The award of UNESCO World Heritage status has an enormous impact on sites of historic importance. World Heritage sites are tourist magnets, attracting millions of visitors each year, and generating huge revenue. Growing up in a World Heritage city, Bath, I have witnessed this first-hand: hordes of tourists, increased traffic, and regular restoration projects are standard in my home town. When considering World Heritage sites in the UK, it is difficult to see how UNESCO recognition can have anything other than a positive impact. Sometimes, it’s easy to forget that iconic tourist destinations, such as the Tower of London, have been allocated World Heritage status, as they are so well-kept that they hardly seem to require protection. However, this is not reflected globally. In fact, for some sites, World Heritage status has had a detrimental effect, both upon the sites themselves, and those who reside there.
The preservation of UNESCO sites is usually the work of governments, and as a result is intrinsically linked to economic, social, and political issues
The World Heritage seal awarded by UNESCO is deemed to guarantee the preservation of a site, but the journalist Simon Usbourne has argued that many within the conservation community are now convinced that UNESCO is failing to uphold this responsibility. The preservation of UNESCO sites is usually the work of governments, and as a result is intrinsically linked to economic, social, and political issues. Chloé Maurel, a historian specialising in the history of the United Nations, argues that the UN could be accused of imposing a Western vision of heritage on countries in the Global South, and that it is for this reason that World Heritage status often has a damaging impact. Therefore, when considering World Heritage sites, it is important to recognise the disparity between the way in which the heritage industry is governed in the ‘Western World’, and the way in which sites of historic import can be exploited to garner economic success.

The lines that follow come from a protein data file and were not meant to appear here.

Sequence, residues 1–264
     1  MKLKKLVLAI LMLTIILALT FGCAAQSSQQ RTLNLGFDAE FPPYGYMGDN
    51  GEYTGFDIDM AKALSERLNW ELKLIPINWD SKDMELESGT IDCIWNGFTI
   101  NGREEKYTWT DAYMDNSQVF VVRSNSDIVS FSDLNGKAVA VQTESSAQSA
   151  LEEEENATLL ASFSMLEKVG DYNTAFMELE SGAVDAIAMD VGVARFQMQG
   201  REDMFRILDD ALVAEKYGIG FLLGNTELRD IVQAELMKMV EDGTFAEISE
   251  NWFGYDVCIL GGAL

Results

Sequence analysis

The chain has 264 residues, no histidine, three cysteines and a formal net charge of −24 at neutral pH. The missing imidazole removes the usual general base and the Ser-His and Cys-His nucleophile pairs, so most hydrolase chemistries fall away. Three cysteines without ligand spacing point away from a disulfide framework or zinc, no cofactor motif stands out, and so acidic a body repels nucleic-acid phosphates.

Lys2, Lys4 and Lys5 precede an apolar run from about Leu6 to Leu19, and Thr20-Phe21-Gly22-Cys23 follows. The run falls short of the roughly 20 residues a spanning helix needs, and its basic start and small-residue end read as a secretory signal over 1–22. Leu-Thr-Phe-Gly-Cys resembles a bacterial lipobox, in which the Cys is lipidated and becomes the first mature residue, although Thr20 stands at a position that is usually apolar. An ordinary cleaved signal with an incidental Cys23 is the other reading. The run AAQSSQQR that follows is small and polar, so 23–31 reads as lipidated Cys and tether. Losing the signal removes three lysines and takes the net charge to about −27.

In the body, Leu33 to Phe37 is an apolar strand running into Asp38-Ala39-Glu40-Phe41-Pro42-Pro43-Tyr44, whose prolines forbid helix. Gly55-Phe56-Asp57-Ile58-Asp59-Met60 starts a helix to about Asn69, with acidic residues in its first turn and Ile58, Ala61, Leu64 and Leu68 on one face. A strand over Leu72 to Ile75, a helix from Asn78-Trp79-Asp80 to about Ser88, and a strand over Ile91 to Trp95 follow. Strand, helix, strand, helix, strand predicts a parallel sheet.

Whilst the acquisition of UNESCO World Heritage status can have a dramatic impact on a particular site and its inhabitants, UNESCO can only protect those sites which are nominated by the government of their country. For some countries, having a World Heritage site can dramatically improve their economic situation, and obtaining UNESCO recognition for a historic site is of paramount importance. Once the stamp of approval has been awarded, the impact is immense. Angkor Wat, an important archaeological site in Cambodia, was awarded World Heritage status in 1992, and the number of visitors has increased by over 300% since then. Whilst this has reaped huge economic benefits, the sheer number of tourists descending on Angkor Wat has led to severe wear and tear to the site. In order to accommodate this new influx of visitors, huge hotels have been developed in the vicinity, and there have been no attempts to limit the number of tourists in order to protect the site. The focus of many governments whose countries contain World Heritage sites is to improve the economic situation of communities; as a result, cultural value is often diminished.
The sheer number of tourists descending on Angkor Wat has led to severe wear and tear to the site
In addition to damaging the sites themselves, World Heritage status can often negatively impact the local populations. For example, many of the locals of Luang Prabang in Laos have been forced to relocate, as the town itself has been altered to cater to the needs of tourists. Similarly, the poorest inhabitants of the historic Casco Viejo neighbourhood in Panama City have been pushed out of the central district to the city limits. Locals were forced out of their homes in favour of rich foreigners, as the neighbourhood was renovated in order to increase its appeal to tourists. Whilst bringing more tourists has a positive impact on the economic situation of World Heritage sites, it often negatively impacts those who reside within them.
I have seen the impact of tourism on a community in Bath. The revenue which tourists bring to Bath is often used for regeneration projects, but it is clear that this cannot always be the case worldwide. Whilst UNESCO is able to place certain sites on its World Heritage ‘In Danger’ list, there is not much to be done to protect the myriad of sites across the world from the day-to-day strain of tourism. Protection and conservation of historic sites is important, and the revenue generated by World Heritage status can be immense, but for some sites, international recognition can be a double-edged sword.